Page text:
Timeline Description: The Apollo 13 mission was intended as a lunar landing. An explosion in one of the oxygen tanks required mission commanders to cut the mission short. The crew was at great risk, but did, successfully splash down and live through the mission with minimal ill effects.
|August 1969||Crew Assignments Announced
In August 1969, the crew assignments were announced for Apollo 13. The mission commander was James A. Lovell Jr.
|March 24, 1970||Oxygen Tank Failure
During a countdown demonstration test, a problem with the oxygen tanks was on the Apollo shuttle was noted. Each of the two oxygen tanks held 320 lbs. of oxygen. During the test, the second tank did not empty properly.
|April 11, 1970||Launch of Apollo 13
Apollo 13 launched on April 11, 1970, on schedule. While there was a minor anomaly during liftoff, the liftoff was successful and the mission proceeded normally for the first 56 hours.
|April 14, 1970||Oxygen Tank Exploded
After a television broadcast on April 14, the crew was asked to power on the oxygen tank fans. They did so, and approximately two minutes later, a loud pop or bang was heard. Power fluctuated and communications with earth went down briefly.
|April 14, 1970||CSM Power Down, LM Power Up
The oxygen tanks served not only to provide the crew with air, but also as a key part of the power source for the shuttle. With the oxygen tank failure, the crew was forced to power down the command service module and use the lunar module as a lifeboat of sorts. Life support on the lunar module was minimal, and only barely adequate.
|April 14, 1970||Specialists Gathered
As soon as news spread of the accident, mission command gathered, bringing in off duty specialists, and specialists from around the country at various sites to brainstorm solutions to bring the crew home alive.
|April 15, 1970||Closest Approach to Moon
On April 15, 1970, Apollo 13 made its closest approach to the moon. The lunar landing had been called off following the accident.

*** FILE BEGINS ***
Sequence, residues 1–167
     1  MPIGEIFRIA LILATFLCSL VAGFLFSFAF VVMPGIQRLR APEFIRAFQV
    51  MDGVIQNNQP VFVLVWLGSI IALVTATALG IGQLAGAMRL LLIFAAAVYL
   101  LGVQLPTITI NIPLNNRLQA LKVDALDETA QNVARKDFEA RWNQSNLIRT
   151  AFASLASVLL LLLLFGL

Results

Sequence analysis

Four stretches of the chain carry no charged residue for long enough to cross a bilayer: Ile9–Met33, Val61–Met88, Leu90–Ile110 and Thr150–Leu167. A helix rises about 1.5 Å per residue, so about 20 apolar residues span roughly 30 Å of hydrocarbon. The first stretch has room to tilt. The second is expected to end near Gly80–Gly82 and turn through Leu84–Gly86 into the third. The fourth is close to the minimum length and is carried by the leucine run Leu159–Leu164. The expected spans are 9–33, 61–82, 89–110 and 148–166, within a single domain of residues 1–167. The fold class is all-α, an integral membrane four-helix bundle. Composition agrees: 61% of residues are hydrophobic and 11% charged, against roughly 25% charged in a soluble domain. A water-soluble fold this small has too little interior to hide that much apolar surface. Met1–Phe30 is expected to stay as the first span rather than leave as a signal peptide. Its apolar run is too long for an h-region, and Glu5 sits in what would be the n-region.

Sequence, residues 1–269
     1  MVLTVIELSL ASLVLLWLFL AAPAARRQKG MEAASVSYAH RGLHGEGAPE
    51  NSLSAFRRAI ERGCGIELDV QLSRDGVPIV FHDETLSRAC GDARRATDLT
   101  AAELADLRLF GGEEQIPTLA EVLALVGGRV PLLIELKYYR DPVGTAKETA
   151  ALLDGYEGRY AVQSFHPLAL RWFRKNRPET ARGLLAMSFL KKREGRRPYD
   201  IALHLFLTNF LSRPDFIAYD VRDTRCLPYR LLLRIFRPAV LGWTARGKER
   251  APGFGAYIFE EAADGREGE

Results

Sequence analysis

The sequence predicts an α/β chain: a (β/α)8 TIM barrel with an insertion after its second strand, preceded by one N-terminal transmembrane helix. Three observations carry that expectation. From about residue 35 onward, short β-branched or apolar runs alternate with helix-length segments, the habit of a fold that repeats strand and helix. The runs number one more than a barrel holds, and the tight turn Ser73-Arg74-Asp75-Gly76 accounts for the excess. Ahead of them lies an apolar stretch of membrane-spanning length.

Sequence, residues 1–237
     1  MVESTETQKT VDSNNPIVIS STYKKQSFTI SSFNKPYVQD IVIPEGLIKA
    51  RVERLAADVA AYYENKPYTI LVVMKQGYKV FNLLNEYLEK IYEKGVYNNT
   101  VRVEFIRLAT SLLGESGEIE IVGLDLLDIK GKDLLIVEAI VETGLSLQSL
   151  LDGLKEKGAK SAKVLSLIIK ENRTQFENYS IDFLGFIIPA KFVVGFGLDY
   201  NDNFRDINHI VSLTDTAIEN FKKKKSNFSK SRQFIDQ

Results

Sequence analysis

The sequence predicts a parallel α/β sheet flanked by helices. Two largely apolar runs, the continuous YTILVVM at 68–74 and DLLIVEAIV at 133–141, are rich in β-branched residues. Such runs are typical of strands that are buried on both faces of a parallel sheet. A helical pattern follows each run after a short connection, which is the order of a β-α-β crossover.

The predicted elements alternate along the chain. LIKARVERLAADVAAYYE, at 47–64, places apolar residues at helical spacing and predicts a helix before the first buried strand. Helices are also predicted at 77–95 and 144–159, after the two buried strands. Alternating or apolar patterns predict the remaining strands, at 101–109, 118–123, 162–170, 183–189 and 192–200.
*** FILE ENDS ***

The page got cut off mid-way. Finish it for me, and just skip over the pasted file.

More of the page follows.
|April 17, 1970||Splashdown
After careful assessment, a plan was made to bring the astronauts home. The command module had to be powered up from a complete shut down, and adaptations made to the lunar module to remove excess carbon dioxide. The landing plan was successful.
|April 17, 1970||Crew Rescued
Some 45 minutes after landing, the crew was rescued. All were healthy, but one crew member had a urinary tract infection caused by dehydration.
|April 17, 1970||Edgar Cortright Assigned to Review Board
On April 17, 1970, Edgar Cortright was assigned to head the Apollo 13 Review Board, designed to determine the cause of the accident and address any errors.
|April 21, 1970||Review Board Assembled
By April 21, 1970, NASA had assembled the investigative review board for the Apollo 13 accident.
|June 15, 1970||Final Report Submitted
On June 15, 1970, the final report was submitted, showing flaws in the oxygen tank that led to the accident.
|1995||Apollo 13 Film Released
While there was a television coverage during the Apollo 13 mission, the best known media portrayal is Tom Hanks' 1995 film, Apollo 13. Hanks later worked on a television special illustrating the perspective of mission control.